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You have had a procedure to implant a port. You may hear it called an implanted venous access device (IVAD), a port-a-cath, or a central line. The port looks like a small bump under your skin. A thin, flexible tube called a catheter runs under the skin from the port into a large vein.
You may have the port for weeks, months, or longer. You will be able to get medicine, blood, nutrients, or other fluids with more comfort. The port can be used right away.
You will probably have some discomfort and bruising at the port site. This will go away in a few days.
You may have strips of tape on the cut (incision) the doctor made, or the cut may have been closed with glue. It may be covered with a small bandage.
This care sheet gives you a general idea about how long it will take for you to recover. But each person recovers at a different pace. Follow the steps below to feel better as quickly as possible.
Follow-up care is a key part of your treatment and safety. Be sure to make and go to all appointments, and call your doctor or nurse call line if you are having problems. It's also a good idea to know your test results and keep a list of the medicines you take.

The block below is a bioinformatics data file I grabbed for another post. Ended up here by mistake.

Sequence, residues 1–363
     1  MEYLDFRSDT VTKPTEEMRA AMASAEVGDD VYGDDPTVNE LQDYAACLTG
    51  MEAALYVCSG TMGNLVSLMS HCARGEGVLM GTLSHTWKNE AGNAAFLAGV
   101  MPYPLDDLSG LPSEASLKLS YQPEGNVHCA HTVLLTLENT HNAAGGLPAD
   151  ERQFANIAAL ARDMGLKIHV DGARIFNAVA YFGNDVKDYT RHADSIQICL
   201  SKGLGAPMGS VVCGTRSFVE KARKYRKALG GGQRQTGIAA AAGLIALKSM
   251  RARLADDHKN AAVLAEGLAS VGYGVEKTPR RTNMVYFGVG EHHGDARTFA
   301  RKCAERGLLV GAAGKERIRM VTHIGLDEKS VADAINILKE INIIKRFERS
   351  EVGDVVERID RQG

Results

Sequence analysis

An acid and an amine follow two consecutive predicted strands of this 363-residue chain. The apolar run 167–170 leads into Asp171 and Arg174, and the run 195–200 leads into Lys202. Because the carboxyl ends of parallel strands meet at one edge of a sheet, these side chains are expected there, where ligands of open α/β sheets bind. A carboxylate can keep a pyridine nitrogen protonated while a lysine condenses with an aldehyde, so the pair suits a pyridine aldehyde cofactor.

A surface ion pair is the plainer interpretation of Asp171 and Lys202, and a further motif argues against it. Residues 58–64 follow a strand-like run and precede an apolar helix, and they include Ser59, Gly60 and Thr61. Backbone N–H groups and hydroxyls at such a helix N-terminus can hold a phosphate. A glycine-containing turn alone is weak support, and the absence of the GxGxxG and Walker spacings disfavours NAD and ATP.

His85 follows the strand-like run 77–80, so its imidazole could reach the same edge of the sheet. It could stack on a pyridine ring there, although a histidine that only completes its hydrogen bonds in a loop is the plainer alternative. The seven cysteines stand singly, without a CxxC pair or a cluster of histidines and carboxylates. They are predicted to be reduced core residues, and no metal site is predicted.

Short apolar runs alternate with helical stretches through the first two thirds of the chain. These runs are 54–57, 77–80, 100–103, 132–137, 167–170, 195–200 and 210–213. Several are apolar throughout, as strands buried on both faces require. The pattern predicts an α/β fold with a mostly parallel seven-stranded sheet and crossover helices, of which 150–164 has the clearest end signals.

Call 911 anytime you think you may need emergency care. For example, call if:
Call your doctor or nurse call line now or seek immediate medical care if:
Watch closely for changes in your health, and be sure to contact your doctor or nurse call line if:
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Adaptation Date: 10/28/2020
Adapted By: Alberta Health Services
Adaptation Reviewed By: Alberta Health Services
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